Wood panelled closet with a big pile of multiple pairs of sneakers on top of one another.
Coaching, Decluttering

Coaching as decluttering

Show me your messy closet and it’ll be Marie Kondo-ed and Home Edit-ed before you can say, “does it spark joy?” I love decluttering, but I’ll admit, the “messy middle” is my least favorite part. You know what I mean. The part where you have to take everything out and make big sloppy piles all over the room before you can sort, clean, and reorganize.

That one junk drawer in your kitchen? Before you make it neat and organized, you have to pull out every spatula, dead battery, random elastic, and kitchen tool of unknown origin. You need to vacuum out the crumbs and scrub that weird sticky spot. You have to interrogate yourself with deep questions like, “is this thirty-year old potato masher really serving me?”

Sorting out the junk drawer is a great metaphor for coaching. Before we start to create whatever it is that the client wants in their life, we usually have to interrogate a few potato mashers. In other words, we have to figure out what’s junk, what’s no longer useful, and what tools we want to bring forward.

Decluttering the mental toolbox

Even though coaching tends to be forward-looking and goal-oriented, I’ve found that we can’t start building something new without a little excavation. Say for example a client has the goal of creating a new daily routine that allows for more writing and includes time for a swim. Before we pull out the day planner, we need to understand more about what’s working and not working in the current schedule.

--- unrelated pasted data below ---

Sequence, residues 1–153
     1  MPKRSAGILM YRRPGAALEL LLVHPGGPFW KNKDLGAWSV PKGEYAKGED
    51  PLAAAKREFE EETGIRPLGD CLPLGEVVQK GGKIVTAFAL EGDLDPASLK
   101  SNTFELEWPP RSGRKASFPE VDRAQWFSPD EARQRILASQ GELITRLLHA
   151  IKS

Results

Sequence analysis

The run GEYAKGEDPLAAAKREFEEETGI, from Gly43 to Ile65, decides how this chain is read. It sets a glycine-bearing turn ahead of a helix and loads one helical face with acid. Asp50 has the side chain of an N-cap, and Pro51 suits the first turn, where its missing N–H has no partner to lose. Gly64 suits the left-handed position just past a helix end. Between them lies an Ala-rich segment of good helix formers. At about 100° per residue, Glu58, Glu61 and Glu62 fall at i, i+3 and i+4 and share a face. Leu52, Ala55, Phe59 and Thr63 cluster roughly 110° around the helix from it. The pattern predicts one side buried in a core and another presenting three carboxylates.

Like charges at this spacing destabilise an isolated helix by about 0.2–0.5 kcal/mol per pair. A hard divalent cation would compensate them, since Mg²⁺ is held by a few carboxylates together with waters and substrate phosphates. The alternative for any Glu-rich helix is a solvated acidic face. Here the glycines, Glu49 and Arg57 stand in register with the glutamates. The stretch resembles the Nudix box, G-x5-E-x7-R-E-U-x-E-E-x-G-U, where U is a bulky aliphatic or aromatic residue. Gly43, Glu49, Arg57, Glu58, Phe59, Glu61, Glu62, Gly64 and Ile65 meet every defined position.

As a coach, I might ask questions like:

  • Did you have a routine in the past that you felt worked really well?
  • What have you already tried to change?
  • What’s stopping you from making it to the pool as often as you’d like?
  • When it comes time to write, what goes through your mind?
  • How do you want to feel at the end of the day?
  • What does a successful routine look like to you?

Clients’ responses will help me learn more about both the habits and practices that they use or want to use, as well as the stories they tell themselves about why certain things aren’t working or about what they feel they should be doing. Pulling these bits and pieces out of the drawer and looking at them in turn is an essential part of the process.

The messy middle

This is the messy middle. We might not get to the part where a new routine is developed in one session. However, the insights that come out of this conversation can be priceless. Maybe the client is holding on to the standard advice that one should write in the morning. They do this, but their mind is sluggish and they avoid going to the pool at lunchtime because it’s too busy. In reality, swimming first helps them focus their mental energy for writing, and as a bonus the pool is pretty empty.

It’s not rocket science, is it? But until you take a minute to look closely at the stories behind the habits, you don’t fully understand what’s not working. This is one of the benefits of working with a coach (excuse the plug). The coach, without judgment, helps you look at your unique mix of junk and history and habit and figure out what you want to keep and what you want to let go of.

It’s a system

As Clea and Joanna from The Home Edit love to declare about their rainbow-coloured reorganized spaces, “it’s a system!” Through their process, they not only declutter messy spots but they create custom systems that work for their clients. They figure out how their clients live and then help them imagine spaces that will make their lives better.

In coaching, I don’t create the change that the client wants. The client does that. But I nudge the process along by asking useful questions about all the stuff in the junk drawer so they can imagine the drawer they really want. Maybe the “drawer” is a better daily routine; maybe it’s a new job or a successful research project. Coaching takes the client through the decluttering, and that messy middle makes room for something different to emerge.